In the Silver Center, there are six ladies restrooms with 27 stalls, 17 sinks and 13 soap dispensers. Though hundreds of women use the facilities every day, an examination of the bathroom on May 7 revealed each of the bathrooms had serious maintenance problems. The report summary is at the right (click to enlarge), but the following were the biggest offenses:
- Six out of 27 stalls had broken locks or the stalls can’t be closed at all
- Six out of 27 stalls had holes left from earlier locks. The holes are about one inch in diameter and allow those outside the stall to see in. In several cases, women have attempted privacy by stuffing toilet paper through the hole
- Five out of 27 toilet paper roll dispensers lack a secure dispensing system. The rolls are on bars perpendicular to the stall wall and, if you pull too quickly, they fall off the bar
- On the second floor, one of the three sinks isn’t working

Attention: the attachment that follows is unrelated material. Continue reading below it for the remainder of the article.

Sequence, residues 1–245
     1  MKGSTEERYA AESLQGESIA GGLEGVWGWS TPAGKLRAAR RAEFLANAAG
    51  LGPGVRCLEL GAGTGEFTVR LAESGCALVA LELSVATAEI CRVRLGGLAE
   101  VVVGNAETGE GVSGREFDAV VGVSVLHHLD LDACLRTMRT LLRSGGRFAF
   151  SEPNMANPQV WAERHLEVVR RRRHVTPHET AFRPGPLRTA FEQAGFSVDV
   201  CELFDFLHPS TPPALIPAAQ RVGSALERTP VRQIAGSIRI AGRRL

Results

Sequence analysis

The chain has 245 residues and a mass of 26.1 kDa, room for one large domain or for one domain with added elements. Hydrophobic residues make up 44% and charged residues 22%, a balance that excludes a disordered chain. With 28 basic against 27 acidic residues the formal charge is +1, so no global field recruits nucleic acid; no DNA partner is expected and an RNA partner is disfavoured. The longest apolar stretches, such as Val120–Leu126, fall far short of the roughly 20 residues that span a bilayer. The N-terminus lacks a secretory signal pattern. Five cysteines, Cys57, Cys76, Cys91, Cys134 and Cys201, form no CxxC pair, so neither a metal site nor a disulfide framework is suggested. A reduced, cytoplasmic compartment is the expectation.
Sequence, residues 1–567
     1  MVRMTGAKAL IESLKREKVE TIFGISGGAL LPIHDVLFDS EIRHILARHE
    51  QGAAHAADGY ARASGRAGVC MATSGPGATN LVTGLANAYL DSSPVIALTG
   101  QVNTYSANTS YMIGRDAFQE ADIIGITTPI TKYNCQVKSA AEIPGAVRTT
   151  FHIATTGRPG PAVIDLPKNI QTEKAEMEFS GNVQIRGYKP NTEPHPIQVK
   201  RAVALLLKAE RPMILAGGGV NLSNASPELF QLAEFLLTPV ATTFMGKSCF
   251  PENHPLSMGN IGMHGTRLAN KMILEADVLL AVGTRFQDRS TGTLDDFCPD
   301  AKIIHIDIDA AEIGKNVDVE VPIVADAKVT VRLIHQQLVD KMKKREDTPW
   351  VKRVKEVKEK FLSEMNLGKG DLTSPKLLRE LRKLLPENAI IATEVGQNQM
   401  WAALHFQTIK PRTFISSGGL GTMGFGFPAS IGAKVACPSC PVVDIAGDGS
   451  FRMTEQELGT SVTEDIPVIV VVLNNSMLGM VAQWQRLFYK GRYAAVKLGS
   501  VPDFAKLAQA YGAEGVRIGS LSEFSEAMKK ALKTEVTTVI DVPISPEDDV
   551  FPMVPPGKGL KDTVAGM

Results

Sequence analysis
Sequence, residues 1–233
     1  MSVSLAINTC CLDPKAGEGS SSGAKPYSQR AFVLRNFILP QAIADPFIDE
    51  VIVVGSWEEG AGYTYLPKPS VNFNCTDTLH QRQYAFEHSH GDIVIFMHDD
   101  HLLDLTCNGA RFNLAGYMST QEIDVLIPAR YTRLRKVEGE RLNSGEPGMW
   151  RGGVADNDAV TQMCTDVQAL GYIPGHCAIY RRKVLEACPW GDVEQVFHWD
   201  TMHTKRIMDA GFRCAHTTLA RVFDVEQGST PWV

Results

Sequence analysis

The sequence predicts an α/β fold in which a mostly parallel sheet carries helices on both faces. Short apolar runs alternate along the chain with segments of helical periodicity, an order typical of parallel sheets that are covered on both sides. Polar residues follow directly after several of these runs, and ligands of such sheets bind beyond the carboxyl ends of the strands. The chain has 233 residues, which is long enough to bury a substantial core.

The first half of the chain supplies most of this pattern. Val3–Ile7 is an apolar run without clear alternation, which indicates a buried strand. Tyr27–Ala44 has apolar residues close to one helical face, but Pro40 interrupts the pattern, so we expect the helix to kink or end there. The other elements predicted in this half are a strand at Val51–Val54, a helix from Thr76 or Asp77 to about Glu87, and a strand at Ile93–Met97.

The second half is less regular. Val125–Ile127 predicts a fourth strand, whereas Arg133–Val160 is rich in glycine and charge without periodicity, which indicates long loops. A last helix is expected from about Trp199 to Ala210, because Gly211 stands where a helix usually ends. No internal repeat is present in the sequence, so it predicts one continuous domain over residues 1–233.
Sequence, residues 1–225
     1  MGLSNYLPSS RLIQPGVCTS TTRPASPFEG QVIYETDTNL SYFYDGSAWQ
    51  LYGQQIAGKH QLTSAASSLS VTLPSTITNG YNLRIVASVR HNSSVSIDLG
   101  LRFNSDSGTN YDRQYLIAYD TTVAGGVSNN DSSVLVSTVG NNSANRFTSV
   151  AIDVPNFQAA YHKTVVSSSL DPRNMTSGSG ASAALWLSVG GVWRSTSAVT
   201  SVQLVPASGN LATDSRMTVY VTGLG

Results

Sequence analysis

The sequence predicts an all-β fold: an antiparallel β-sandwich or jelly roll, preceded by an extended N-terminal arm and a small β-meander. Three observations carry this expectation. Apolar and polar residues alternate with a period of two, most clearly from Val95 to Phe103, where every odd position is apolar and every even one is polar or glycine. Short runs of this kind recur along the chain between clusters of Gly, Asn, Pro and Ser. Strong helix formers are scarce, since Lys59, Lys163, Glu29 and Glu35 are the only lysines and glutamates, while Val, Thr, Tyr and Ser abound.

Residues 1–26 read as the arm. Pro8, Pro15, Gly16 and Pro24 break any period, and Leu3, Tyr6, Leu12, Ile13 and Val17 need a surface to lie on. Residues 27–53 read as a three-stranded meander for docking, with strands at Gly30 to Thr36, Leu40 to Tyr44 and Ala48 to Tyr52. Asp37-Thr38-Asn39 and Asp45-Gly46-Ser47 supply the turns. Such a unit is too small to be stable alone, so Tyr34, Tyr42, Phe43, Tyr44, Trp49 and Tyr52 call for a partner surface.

- Four out of 17 a total sinks have faulty faucets. When the faucets are turned on, water comes out, but they must be held on to keep the water flowing. However, this makes it difficult to wash one’s hands, as seen in the video below
- An open window on the fourth floor bathroom leads to the fire escape, where a weathered pack of Newport cigarettes sits
- In some of the stalls, the doors open inside, so, to exit the stall, one must maneuver oneself over the toilet in a straddle position
The ladies restrooms in the Silver Center were clean overall, but this reporter’s examination of the facilities determined that the conditions of the bathrooms’ amenities were poor. Many of the mentioned maintenance problems show that using the restroom in the Silver Center is difficult and uncomfortable. As a result of a loose lock in one of the stalls on the fourth floor, this reporter was able to get in the stall, but couldn’t unlock the stall and leave right away. After shaking the door for about three minutes, this reporter loosened the lock enough to open the door.